260 F2d 240 Bessel v. C J Clyde D K
260 F.2d 240
David BESSEL, Appellant,
C. J. CLYDE, George D. Simms and Thomas K. Dunstan, In Their Capacity as Panel Members of Eastern Industrial Personnel Security Board.
United States Court of Appeals Third Circuit.
Argued October 7, 1958.
Decided October 24, 1958.
William J. Woolston, Philadelphia, Pa., for appellant.
Michael L. Temin, Philadelphia, Pa. (Harold K. Wood, U. S. Atty., Henry J. Morgan, Asst. U. S. Atty., Philadelphia, Pa., on the brief), for appellees.
Before GOODRICH, McLAUGHLIN and STALEY, Circuit Judges.
McLAUGHLIN, Circuit Judge.
Appellant, a New Jersey resident, has been and still is employed by Radio Corporation of America at its Camden, New Jersey plant. In October of 1956, his security clearance was suspended by the Screening Board of the Office of Industrial Personnel Security Review under Department of Defense Directive 5220.6 of February 2, 1955 (20 Fed.Reg. p. 1553, et seq., § 67.1-1, et seq.).1 He applied for and was granted a hearing before a Hearing Board. The Board held one session of the hearing at Camden on December 20, 1956 and a second at Philadelphia on April 23, 1957. In July, 1957, the Board determined that on all available information the granting of clearance to appellant for access to classified defense information was not clearly consistent with the interest of national security.2 This suit followed.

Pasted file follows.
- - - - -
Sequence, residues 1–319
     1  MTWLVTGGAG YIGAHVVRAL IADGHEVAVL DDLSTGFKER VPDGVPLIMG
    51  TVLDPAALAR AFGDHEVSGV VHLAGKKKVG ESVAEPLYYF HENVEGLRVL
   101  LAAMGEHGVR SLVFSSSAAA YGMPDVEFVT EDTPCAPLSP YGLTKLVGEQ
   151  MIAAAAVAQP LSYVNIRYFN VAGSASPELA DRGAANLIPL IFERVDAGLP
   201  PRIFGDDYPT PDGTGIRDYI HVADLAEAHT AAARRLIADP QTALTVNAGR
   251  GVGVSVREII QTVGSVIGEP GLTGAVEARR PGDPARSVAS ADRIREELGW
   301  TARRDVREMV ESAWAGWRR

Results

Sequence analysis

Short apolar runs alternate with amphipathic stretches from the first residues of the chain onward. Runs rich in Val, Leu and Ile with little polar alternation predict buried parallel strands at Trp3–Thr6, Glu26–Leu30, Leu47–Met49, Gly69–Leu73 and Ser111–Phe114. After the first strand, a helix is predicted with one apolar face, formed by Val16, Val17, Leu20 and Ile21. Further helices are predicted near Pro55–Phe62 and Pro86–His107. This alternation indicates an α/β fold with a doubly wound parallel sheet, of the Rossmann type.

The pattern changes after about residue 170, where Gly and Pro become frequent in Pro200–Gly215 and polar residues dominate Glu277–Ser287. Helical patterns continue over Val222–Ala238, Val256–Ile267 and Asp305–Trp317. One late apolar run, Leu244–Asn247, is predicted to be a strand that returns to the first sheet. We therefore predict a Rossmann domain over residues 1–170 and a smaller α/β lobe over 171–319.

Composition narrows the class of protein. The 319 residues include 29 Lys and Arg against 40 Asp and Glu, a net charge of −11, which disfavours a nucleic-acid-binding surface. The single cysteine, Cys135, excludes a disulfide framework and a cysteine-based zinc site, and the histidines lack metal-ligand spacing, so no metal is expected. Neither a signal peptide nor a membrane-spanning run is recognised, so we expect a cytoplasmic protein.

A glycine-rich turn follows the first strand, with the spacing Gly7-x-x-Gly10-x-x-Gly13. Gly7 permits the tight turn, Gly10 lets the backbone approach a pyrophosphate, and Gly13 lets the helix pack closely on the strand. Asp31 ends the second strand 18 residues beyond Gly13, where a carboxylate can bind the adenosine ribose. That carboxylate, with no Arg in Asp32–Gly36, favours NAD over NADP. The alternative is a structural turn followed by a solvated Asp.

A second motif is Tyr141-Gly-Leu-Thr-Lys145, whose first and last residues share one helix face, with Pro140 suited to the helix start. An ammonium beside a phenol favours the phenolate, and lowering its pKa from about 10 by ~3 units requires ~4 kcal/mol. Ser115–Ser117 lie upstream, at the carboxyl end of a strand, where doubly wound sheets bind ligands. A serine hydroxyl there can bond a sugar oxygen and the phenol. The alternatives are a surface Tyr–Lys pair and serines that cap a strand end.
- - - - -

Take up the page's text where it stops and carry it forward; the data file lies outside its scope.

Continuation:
The District Attorney for the Eastern District of Pennsylvania was served in the action by the Marshal of that district. Two of the three defendants, Messrs. Clyde and Simms, were handed copies of the summons and complaint by the Marshal of the Southern District of New York. The third defendant was not located by the Southern District Marshal and there is no claim of personal suit notice as to him.
Defendants Clyde and Simms moved to dismiss the complaint on several grounds including the only one passed on by the district court that it had not been served upon them in accordance with the requirements of Rule 4(f), Federal Rules of Civil Procedure, 28 U.S.C.A.,3 namely, within the territorial limits of the State of Pennsylvania. The court upheld the contention and dismissed the complaint.